Oh, Fortnite. I’ve been dragging my feet to post this, but the more I’ve talked with fellow moms the more I realize I’m not alone in these sentiments and the challenges of parenting in this technology age.
My son downloaded Fortnite on his 14th birthday in November and began learning the ins-and-outs of the game. He asked for a headset for Christmas and mentioned he’d like to play online with his buddies. Hmm. I convened with my husband (who knows these video games much better than I do yet shares in the same cautious sentiments), and we agreed with strict guidelines.
Now we’re months into the game, and let’s just say it’s not my favorite. But before I climbed on my high horse, I decided I better learn the game and get into the mind of a teenage boy. Lord, help me. I asked my patient son to teach his crazy mom how to play. I entered the world by way of a Mary Poppins umbrella, hid behind the bushes, gathered some resources, chose my weapon, and tried to avoid danger. And eventually a sniper swiftly took me out. Violent (Although I just fell over when I died, no blood or graphics, which makes it seem less disturbing yet still poses a danger to impressionable minds). In a game of 100 players, I outlasted 70 people, thank you very much. I now at least get it. Slightly.
But, this is some of the trouble …
… Isolation. Sure, our son is playing with his friends and talking with them, but he is essentially by himself. Eye contact lost. Pseudo-bonding occurs through building refuge, gathering resources and trying to be heroes. I get it, kind of, but it falls flat in comparison to meaningful interactions. My son’s friends have turned down social gatherings to play Fortnite … alone but with each other. Everyone in his own cave. What is happening?
… Profanity. Common Sense Media’s review explains, “While the game doesn’t feature any profanity, its online nature could expose younger players to offensive language from random strangers in voice or on-screen text chat.” Um. You think?! You’re playing a war game with people you potentially don’t know.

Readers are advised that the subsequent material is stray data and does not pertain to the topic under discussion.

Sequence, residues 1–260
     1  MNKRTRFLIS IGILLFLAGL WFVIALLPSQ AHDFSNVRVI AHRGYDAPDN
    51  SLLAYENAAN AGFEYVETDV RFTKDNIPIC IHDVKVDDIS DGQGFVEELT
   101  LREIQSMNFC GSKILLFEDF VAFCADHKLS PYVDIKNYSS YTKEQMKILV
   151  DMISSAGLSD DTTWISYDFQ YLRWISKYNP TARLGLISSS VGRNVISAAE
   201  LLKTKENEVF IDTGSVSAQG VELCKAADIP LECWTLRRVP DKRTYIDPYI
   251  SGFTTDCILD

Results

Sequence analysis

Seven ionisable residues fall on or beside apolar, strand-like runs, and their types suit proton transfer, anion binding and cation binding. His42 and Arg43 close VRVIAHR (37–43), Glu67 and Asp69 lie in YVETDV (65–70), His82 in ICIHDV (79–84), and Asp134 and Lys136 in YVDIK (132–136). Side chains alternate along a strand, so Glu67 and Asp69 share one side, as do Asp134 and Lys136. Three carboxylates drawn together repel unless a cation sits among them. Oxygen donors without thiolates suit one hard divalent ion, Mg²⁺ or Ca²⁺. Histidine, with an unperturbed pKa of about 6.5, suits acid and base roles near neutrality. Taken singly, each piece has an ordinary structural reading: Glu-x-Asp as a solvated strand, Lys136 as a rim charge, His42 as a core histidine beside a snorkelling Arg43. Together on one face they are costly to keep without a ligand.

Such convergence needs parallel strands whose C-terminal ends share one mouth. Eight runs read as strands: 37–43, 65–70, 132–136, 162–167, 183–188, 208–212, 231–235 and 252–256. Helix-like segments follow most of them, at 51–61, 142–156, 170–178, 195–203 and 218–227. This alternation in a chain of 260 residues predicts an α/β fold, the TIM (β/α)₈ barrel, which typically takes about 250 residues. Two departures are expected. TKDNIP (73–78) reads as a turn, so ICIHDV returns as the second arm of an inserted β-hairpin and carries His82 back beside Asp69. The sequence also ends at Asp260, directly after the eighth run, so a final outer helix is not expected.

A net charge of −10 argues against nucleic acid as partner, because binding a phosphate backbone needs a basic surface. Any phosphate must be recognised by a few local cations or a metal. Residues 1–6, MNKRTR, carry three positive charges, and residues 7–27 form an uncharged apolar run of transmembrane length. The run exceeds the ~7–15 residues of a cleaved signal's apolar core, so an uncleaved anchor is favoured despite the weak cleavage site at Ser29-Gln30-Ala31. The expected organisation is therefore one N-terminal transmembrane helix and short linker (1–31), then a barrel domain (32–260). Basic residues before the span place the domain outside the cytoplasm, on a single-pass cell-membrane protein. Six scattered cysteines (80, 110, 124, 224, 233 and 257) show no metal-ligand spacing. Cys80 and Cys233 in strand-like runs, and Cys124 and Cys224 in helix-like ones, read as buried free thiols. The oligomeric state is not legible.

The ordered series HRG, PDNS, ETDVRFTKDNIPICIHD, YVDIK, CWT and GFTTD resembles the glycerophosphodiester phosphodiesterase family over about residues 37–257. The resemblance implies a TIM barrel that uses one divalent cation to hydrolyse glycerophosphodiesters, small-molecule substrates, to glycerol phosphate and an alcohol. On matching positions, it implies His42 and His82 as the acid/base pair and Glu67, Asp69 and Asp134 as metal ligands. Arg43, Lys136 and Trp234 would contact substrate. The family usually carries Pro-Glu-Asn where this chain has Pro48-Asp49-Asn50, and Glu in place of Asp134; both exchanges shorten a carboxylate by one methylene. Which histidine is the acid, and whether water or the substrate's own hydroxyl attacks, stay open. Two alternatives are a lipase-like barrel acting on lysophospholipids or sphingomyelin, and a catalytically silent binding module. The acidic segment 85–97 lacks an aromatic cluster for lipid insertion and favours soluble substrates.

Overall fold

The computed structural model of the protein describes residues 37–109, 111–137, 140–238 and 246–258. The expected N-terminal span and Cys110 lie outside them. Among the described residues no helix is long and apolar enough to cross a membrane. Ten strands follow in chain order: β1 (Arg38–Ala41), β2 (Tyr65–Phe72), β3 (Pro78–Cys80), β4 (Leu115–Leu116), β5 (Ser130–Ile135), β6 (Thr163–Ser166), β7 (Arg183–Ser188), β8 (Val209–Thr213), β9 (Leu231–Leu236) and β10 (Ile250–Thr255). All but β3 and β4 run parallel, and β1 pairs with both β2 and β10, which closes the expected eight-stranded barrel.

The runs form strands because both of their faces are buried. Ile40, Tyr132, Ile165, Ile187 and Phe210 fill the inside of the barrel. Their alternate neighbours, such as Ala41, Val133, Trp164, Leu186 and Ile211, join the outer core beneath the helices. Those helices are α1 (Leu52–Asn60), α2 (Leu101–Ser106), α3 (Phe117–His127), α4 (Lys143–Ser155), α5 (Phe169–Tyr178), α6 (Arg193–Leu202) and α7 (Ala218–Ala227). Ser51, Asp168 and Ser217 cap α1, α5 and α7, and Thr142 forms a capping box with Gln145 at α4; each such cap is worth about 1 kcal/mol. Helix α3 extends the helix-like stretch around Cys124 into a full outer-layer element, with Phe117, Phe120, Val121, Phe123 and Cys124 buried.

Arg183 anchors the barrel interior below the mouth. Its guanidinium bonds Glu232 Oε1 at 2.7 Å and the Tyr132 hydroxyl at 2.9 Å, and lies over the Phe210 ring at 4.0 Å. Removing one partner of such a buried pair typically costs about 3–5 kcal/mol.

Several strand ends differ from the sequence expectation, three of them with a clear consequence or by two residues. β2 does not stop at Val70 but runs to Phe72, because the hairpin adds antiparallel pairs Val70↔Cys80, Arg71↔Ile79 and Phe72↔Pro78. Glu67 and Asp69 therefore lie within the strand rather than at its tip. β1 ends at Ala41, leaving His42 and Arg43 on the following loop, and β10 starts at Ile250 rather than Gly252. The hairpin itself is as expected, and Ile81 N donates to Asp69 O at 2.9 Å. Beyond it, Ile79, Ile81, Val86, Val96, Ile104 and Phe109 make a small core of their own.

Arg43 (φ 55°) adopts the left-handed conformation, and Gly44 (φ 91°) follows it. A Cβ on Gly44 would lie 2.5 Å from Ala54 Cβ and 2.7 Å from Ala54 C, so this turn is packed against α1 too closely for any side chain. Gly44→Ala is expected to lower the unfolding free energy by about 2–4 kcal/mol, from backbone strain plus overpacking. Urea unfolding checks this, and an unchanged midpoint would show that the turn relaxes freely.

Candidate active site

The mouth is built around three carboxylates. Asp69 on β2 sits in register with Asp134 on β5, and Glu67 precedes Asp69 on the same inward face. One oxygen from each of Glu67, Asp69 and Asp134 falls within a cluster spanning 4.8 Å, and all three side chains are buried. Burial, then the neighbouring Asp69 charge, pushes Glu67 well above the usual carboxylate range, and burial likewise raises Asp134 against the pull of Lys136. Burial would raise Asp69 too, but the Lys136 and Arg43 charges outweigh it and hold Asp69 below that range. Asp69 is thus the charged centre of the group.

… About those “random strangers” mentioned above. Red flag anyone? Anyone? My friend’s 13-year-old played with someone he didn’t know and was asked where he lives. Thank goodness he only said “The United States”. For a game with reviews from eight-year-olds, this is more than troublesome. Think about it: your undeveloped-frontal-lobed-child is playing with a stranger. That stranger helps your child be a hero or saves your child in the game, trust is built, the stranger talks to him, potentially feeds him candy-out-of-a-white-van, your child answers questions and is sucked into the trap before they even know it. Talk to your kids. And by golly, don’t let them play with anyone they don’t know. At all. Period.
… The New “F” Word. My husband leads an eighth grade boys Bible study every Thursday morning, and because Fortnite was coming up so much and completely derailing discussion it is now the new “F” word banned for that hour. My husband says it’s like the squirrels in the movie Up! when they see a dog. Squirrel!
Last Thursday when the boys hopped in my car afterwards, they immediately began talking about the “F” word. One of them said half kidding, “What else is there to talk about?” Ha!
Yet I’ve learned nothing stops the “F” word quicker in the car than turning on nursery rhymes. These eighth grade boys with one foot exiting childhood and the other foot entering manhood break out in B-I-N-G-O and Mary Has a Little Lamb with my toddler like nobody’s business. It’s plain awesome and a gentle reminder of their tender hearts.
In an age where depression, anxiety and isolation are on a cataclysmic rise, we need to be careful, vigilant, aware, and setting boundaries so the abyss of Fortnite (among social media and other things) doesn’t suck their brains, valuable true relational interactions and these precious years away.
As we nurture these hearts entrusted to us, may we do it with grace, wisdom and link arms in the battle. We need each other. And from time to time, maybe we need to power off our electronics, turn on a nursery rhyme and realize how quickly the years go by.